Pay It Forward
(24 hour Hackathon)
About Pay it forward
Pay It Forward is the name of a movie in which a young boy attempts to make the world a better place after his teacher gives his social studies class an assignment to devise and put into action a plan that will change the world for the better. The young boy then plans a charitable program based on the networking of good deeds. He calls his plan "pay it forward", which means the recipient of a favor does a favor for others rather than paying the favor back. The theme of paying it forward was the idea that our hackathon was based off. Each team was to design an app that was based around a charitable act.
We began to approach this challenge by first asking each team member about some of the ideas they had about an app based around the theme of Paying it Forward. After we had written down and discussed each idea, we decided to move forward with idea that had the most favorable response. Then we decided which part of the UX process each team member would do. Each of us agreed to take part in fulfilling a specific role. However, we ended up helping one another out as the project progressed for the sake of finishing within our very limited time frame, especially when it came to the interaction design.
Create an app to mobilize printed coupons so that people can share and pass it on to others. Some of the key features this app will include are:
In store notification -When user enters a grocery store, the app delivers a push notification on what coupons people have left for him/her.
Scan all coupons- Simply snap a picture of any printed offer, and the app converts all the text, images and barcodes into a mobile-optimized offer that's ready for use.
Point system- Users earn a point when giving away a coupon to someone else and lose a point after redeeming a coupon.
Search by voice - When shopping at grocery stores, users can search coupons by voice to save time.
A lot of the research I performed was internet based since we had so little time. I focused most of my research on gathering information on the demographics of the types of people who are most likely to use coupons, where they are used, as well as the types of financial incentives that could motivate people to use them. The information I gathered from this research was enough for us to figure out who would be the main users of our app, what type of value the app would bring, and what level of success we might expect such an app to have if it were to actually make it into a mobile app store. Some of the results were surprising, and influenced us to some degree on how the interaction design was put together and how it would function. The data gathered was also used to carefully put together our primary persona.
Contrary to what many people may imagine, avid coupon users do not fall into a category of people who are just trying to make ends meet. Some of coupon user statistics I found were:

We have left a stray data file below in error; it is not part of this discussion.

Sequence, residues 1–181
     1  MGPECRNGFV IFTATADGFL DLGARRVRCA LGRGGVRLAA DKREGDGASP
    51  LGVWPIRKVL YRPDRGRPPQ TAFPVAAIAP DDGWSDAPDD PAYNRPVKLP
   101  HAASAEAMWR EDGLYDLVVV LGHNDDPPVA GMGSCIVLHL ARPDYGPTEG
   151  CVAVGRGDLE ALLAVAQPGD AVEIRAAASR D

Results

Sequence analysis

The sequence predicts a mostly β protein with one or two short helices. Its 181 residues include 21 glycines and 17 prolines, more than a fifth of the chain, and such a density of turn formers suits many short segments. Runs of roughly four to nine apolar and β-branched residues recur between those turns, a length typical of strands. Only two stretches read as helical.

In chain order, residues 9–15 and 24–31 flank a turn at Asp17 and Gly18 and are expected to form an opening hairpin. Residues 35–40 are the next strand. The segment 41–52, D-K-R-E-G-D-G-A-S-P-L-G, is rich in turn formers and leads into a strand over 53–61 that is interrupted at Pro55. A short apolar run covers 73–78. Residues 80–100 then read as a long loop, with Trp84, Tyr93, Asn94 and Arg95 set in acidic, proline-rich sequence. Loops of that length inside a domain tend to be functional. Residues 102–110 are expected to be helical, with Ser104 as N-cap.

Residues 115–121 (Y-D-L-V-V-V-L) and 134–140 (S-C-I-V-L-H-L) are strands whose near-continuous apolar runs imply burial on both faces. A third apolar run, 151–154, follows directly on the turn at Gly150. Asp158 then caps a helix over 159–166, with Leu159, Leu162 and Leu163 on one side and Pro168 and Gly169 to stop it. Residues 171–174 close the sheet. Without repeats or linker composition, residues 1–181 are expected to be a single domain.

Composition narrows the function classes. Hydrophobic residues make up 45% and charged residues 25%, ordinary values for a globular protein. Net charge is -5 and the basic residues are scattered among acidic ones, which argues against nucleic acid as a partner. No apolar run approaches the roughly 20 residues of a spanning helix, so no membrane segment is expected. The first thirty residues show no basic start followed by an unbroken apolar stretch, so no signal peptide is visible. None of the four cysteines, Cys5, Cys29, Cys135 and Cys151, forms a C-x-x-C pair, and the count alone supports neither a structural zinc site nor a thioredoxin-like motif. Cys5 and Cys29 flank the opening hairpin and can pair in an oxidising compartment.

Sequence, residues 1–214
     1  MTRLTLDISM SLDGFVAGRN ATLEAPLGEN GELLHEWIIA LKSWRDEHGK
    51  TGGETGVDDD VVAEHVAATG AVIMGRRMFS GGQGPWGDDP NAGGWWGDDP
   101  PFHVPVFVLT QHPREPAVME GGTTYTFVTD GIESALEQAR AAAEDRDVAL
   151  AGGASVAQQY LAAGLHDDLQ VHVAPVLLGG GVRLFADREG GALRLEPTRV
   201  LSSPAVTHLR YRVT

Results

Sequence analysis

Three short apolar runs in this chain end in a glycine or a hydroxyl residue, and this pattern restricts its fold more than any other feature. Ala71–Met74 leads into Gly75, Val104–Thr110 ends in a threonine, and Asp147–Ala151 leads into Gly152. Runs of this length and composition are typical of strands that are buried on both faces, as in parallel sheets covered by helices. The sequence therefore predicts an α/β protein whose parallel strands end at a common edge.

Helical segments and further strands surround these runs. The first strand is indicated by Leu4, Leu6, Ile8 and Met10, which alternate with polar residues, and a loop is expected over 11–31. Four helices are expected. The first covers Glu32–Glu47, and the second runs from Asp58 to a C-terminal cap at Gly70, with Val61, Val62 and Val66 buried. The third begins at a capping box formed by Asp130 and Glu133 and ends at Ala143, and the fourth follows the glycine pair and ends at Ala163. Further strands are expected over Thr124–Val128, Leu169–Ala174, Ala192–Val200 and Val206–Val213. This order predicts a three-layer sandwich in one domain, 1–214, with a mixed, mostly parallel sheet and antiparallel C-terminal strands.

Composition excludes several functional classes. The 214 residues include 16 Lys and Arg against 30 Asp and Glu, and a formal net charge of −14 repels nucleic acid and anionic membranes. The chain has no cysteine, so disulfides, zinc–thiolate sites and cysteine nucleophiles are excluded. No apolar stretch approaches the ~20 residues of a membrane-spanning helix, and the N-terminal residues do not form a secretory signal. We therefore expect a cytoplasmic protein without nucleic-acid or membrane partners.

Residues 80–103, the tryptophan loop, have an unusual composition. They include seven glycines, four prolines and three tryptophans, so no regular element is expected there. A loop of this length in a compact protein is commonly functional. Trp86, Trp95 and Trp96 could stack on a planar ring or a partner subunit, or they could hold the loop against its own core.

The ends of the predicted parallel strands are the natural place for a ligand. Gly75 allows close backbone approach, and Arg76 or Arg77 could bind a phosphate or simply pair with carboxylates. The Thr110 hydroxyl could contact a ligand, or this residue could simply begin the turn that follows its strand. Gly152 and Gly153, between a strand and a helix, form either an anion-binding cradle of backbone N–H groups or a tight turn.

- Those who come from households with an income $100,000 or more
- College educated people are 78% more likely than non-educated to use coupons
- Men are 27% less likely to use coupons
- Baby Boomers are 75% more likely to purchase something if they have a coupon or loyalty discount
- Baby Boomers account for 41% of the mass affluent population
Having an idea that was original was a huge factor, since we were competing with other groups and the judges would not reward an idea that was already being used. To ensure we were on the right path before we progressed too far, I performed internet searches for any and all websites that would be similar to our idea but found nothing. I also rummaged through the app store to make sure our idea had not already been used by another mobile app. Although there were no traces of other designs with the same functions, we did discover other coupon apps that have become quite popular. Some of these apps included: Krazy Coupon Lady, ibotta, Snap, Key Ring, Shopmium, and SavingStar.
White boarding the wireframes allowed all teammates to participate in the critiquing process so we could finally nail down each sequence of events in a way that could realistically be executed with as little confusion as possible. Some changes were made through team analysis such as switching the mail envelope icon to a bell. This was done in order to prevent notifications from being mistaken as email. The bell icon is becoming a more recognized symbol for notifications. Another change we made as a team was putting a number next to the heart icon, symbolizing the number of points that has been earned. Before this change, each individual heart was placed on the screen, taking up valuable real estate.
We created a paper prototype and selected 3 volunteers to participate. Problems that were discovered during testing were: 1) Confusion over where points go 2) The give away icon was not communicating the idea 3) The gift box icon looked clickable 4) Barcode needed to be redeemed during checkout 5) Confusion over the term "someone" when receiving coupon donations at the store.
An interactive mockup was completed near the end of the hackathon.
Mobile App Programming By Alaina Buzas
- Expand the coupon types beyond grocery stores
- Develop IOS mobile app
What I Learned
- Developers are very much involved in the UX process. It's important to understand their capabilities and limitations
- An incredible amount of work can be accomplished in a very short amount of time
- All team members need to help other members with their roles when deadlines are short
I was very pleased with the amount of quality work that was accomplished during to this very short time period. Each of our teammates devoted themselves entirely to the work. We worked towards a common goal and became very innovative in the process by putting our minds together to solve problems. I was very amazed at what can be done in such a short amount of time.